Those nine or so hours on the flight to London from New Delhi were spent masticating a Jeeves and Wooster Omnibus, spitting out the words in an appalling imitation of an Oxford drawl and dreaming of a country with no dust - just good honest moist sod.

The immigration lady at Heathrow looked at my passport and then at me. The soles of my feet kept sliding on a thin film of sweat as my palms wet the cold granite of the counter. Suddenly she jerked her head at me and asked me for a tuberculosis report. I didn't have one.

Outside, clutching my four pieces of luggage in the rain, Britain seemed harsh and alien.

And so began this search. This search for Britain of my books. Did it exist anymore? Did it ever exist? Was it all a con?

Five years of Private Eye, Jeremy Clarkson, Newsnight and Peter Hitchens have lanced the Waugh, the Greene, the Blyton out of me. It was all a con.

I wonder if the British ever realise what effect their writing has had on us, the third worlders. It inspired love. Love for a country that most of us had never visited, love for people that hold us in contempt, for an establishment that had raped us, then pontificated and left suddenly with scarcely a toodle pip. An incurable stench of disappointment hangs in the air.

How could something so beautiful be so untrue?

Ritwik Deo is currently working on his first novel, about an Indian butler in Britain.

P G Wodehouse in 1928. Photograph: Getty Images

Ritwik Deo is currently working on his first novel, about an Indian butler in Britain.

Photo:Getty
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Britain's diversity crisis starts with its writers. Here's why

What happens on the casting couch draws the headline, but the problem starts on the page, says James Graham. 

I’m a playwright and screenwriter, which – pertinent to the issues we’ll be discussing in this enquiry – still feels weird to say. I get embarrassed, still, saying that, in a taxi or hairdressers. I don’t know why I still carry that insecurity about saying I’m a writer, but I do, because it sounds like I’m lying, even in my own head.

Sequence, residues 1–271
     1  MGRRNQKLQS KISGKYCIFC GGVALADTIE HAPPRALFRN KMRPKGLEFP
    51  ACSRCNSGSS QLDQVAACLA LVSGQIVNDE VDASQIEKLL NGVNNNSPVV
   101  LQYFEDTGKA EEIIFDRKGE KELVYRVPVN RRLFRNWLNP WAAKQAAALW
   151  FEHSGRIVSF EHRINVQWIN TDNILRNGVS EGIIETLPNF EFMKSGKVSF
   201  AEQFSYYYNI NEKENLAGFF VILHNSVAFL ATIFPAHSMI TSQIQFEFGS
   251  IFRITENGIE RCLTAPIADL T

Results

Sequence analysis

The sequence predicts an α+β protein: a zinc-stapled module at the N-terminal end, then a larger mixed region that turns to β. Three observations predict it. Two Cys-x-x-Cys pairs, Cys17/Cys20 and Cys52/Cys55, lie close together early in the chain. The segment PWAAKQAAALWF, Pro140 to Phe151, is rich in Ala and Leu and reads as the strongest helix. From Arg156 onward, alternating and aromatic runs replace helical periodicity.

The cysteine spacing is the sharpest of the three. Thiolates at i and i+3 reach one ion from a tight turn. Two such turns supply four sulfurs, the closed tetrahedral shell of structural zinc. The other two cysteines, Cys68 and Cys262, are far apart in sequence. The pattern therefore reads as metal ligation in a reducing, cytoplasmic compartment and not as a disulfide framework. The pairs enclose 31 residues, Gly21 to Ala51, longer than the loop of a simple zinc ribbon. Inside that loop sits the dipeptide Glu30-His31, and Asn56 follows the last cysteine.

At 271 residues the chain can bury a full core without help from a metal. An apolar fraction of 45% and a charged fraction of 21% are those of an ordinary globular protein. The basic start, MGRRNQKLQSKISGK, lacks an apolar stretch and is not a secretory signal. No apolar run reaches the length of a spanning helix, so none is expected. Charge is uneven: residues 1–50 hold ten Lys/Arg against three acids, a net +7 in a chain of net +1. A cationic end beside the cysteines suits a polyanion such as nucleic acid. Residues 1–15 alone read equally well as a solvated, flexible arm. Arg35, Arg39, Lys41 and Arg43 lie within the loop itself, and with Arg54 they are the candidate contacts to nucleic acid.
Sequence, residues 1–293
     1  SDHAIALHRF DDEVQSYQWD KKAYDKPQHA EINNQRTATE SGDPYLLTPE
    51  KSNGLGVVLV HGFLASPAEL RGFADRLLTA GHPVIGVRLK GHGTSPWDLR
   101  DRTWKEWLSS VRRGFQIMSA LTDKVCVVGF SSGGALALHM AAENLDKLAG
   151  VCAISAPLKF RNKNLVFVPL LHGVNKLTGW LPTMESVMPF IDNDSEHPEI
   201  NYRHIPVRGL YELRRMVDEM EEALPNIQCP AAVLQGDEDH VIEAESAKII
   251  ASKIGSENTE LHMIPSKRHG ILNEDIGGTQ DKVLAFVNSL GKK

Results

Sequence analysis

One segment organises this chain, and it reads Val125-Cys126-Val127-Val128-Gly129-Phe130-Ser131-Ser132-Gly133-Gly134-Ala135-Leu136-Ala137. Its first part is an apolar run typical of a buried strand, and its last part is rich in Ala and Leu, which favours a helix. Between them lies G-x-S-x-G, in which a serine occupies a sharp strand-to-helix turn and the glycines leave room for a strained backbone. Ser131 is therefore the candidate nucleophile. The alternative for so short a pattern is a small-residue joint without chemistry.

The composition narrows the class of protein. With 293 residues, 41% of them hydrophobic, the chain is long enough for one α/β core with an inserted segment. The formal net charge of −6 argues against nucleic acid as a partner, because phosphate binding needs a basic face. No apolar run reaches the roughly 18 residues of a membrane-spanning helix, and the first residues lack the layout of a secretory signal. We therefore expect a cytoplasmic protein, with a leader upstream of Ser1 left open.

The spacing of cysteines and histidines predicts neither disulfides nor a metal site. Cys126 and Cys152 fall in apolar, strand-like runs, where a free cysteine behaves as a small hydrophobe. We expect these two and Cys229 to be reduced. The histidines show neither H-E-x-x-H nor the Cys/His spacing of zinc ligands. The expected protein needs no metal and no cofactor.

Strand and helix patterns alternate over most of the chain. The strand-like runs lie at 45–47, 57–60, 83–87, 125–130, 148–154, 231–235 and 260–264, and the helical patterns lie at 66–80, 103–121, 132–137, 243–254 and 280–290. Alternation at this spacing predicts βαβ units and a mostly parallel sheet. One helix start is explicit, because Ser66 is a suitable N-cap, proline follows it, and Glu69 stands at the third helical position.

Obviously I’m completely biased, and probably overstating the influence and importance of my own profession, but I think so many of the problems surrounding lack of representation in the performing arts start with writers.

If we aren’t encouraging and generating writers from certain communities, classes or backgrounds to tell their stories, to write those roles, then there’s not going to be a demand for actors from those communities to play them. For casting agents or drama schools to prioritise getting diverse actors on stage. We need to create those plays and TV dramas –like the ones that I grew up with. I didn’t have any access to much theatre until I was fifteen, but I did have Boys From the Black Stuff, and I did have Cracker, and I did have Band of Gold. I think the loss of those regional producing bodies – Central, Granada – now all completely centralised into London, means that we just tell less of those stories. I remember a TV show called Boon – anyone? – which was set in Nottingham, and I would see on the TV streets I’d walked down, and think, Oh my God, that actor is walking down a street I’ve walked down. That sounds like it’s insignificant. If you’re from a town that is deprived, that feels ignored, it isn’t.

I was very lucky that at my school (which was, at the time, the largest comprehensive school in the country), from the headmaster down to the drama teachers, everyone just believed that working class kids should do plays. Be in plays, read plays, perform plays to the community. Both inside the curriculum of the school day, and outside it – drama teachers dedicating their time to staying behind. Our head of drama identified a group of us who clearly had a passion for it. We weren’t likely thesps. One lad’s entire family were made unemployed when the pit closed. Many lived on the big council estate. My parents and step-parents worked respectively in warehouses, the local council, or as the local window cleaner (incidentally, my first real job. Which I was terrible at).

Our drama teacher was encouraged and determined enough to launch the first ever Drama A-Level in our school. Based on that, about 10 or 12 of us got the confidence – or arrogance – to take our own show to the Edinburgh Festival. We were 16 or 17, and the first people in our community to ever go to visit the festival. We did a play up there, and after that, a psychological unlocking happened, where I thought: maybe I could do a degree in drama (it was the first time I had ever thought to do so) at university (the first in my family to go. Well, joint-first. My twin sister went on the same day, but I walked into my digs first).